- Step 2: Call to make an appointment at No Nonsense Neutering or Fairchild Foundation. These organizations offer low-cost spay/neutering services for community cats; however, due to the feral cat crisis in Berks County, appointments may be booked out 3 weeks or longer during select times of the year. Clinics are offered as follows:
- No Nonsense Neutering offers TNR clinics on Tuesdays, Wednesdays and Fridays and every first and third Sunday of the month. They also offer trap rental and feral cat deterrents. Their phone number is 866-820-2510, or appointments can be made online. Up to four feral cats be neutered at once by appointment, or you can walk into their clinic with one trapped cat without an appointment on select clinic days.
- Fairchild Foundation offers TNR clinics on the third Sunday of each month. They also offer trap rental. Appointments can be made online for up to four feral cats.
- To expedite your check in, please make sure you visit the website of the organization you’d like to work with to read their complete guidelines, to complete their intake forms in advance, and to receive handy tips on how to effectively trap and care for the cats prior to surgery.
- Step 3: Obtain a trap from No Nonsense Neutering, the Fairchild Foundation, or from the ARL. Two types of traps are available to rent through the ARL for $5 per day, plus a $60 to $80 refundable deposit.
What do I do if I find a litter of kittens?
Outdoor kittens with limited or no human interaction have a small window of opportunity to be socialized and adopted as house pets. If you should find a litter of kittens, please contact us as soon as you can so we can help figure out the best solution for these kittens depending on their age and condition. If the kittens’ mother is attending to them and the kittens are safe, our policies reflect best practices to ensure the health of the litter, which is to stay with their mother as long as possible.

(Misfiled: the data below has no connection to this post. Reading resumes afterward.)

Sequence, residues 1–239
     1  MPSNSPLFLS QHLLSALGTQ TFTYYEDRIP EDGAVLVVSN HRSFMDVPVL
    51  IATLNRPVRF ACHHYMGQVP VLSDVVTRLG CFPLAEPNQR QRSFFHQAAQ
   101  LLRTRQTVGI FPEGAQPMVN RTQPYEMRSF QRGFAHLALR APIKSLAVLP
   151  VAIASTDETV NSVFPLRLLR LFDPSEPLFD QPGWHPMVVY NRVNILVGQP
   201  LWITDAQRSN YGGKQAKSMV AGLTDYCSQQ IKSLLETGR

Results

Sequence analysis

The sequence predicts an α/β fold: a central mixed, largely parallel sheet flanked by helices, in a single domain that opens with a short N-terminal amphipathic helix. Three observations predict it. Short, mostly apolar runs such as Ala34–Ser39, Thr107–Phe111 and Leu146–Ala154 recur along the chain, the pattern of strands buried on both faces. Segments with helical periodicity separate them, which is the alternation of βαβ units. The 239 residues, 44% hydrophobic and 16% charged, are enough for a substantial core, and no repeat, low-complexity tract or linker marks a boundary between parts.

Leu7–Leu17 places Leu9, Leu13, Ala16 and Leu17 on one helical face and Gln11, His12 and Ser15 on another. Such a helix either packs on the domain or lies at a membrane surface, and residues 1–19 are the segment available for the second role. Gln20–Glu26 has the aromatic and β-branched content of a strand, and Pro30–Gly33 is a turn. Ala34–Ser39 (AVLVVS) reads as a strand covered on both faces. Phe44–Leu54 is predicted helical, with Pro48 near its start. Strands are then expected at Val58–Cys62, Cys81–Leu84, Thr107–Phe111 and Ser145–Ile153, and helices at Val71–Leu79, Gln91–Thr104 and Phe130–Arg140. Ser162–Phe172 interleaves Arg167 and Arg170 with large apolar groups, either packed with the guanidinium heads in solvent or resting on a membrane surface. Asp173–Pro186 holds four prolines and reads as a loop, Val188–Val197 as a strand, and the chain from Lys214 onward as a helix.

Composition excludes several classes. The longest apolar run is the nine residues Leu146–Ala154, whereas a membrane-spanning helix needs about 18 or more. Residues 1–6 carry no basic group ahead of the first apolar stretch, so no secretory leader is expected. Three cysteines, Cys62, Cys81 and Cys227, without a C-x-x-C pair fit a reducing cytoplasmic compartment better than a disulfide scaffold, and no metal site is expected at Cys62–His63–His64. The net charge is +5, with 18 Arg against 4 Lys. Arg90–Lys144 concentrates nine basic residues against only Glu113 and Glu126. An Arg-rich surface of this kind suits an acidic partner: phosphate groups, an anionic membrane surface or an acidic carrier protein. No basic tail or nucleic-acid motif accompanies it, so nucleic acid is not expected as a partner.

Are there any costs for me to TNR outdoor cats?
While the ARL, unfortunately, cannot subsidize veterinary costs for all outdoor cats in Berks County, we are able to help people get a handle on a community cat colony in their neighborhood. We are very fortunate to have many community partners working together to help the community handle the outdoor cat crisis. For people in certain zip codes (19601 through 19612), the Humane Society of Berks County offers free sterilization of community cats at No Nonsense Neutering through a generous grant. If you do not reside in one of those area codes, you can still contact No Nonsense Neutering or the Fairchild Foundation; both offer low-cost sterilization clinics for outdoor community cats. You may also contact your municipal leaders and ask if they offer financial assistance to help you with an outdoor colony of cats.
Please know that while you are under no obligation to do anything to help these cats, ignoring the problem will only lead to the cats continuing to reproduce, which will only lead to more cats. Very rarely will the cats move onto another location when they are receiving food, water and shelter in an area that they consider to be “home.”
How can I get more information or help?
To speak with a TNR expert at the ARL, please contact our Admissions department at 610-373-8830 x104 or by email at email@example.com.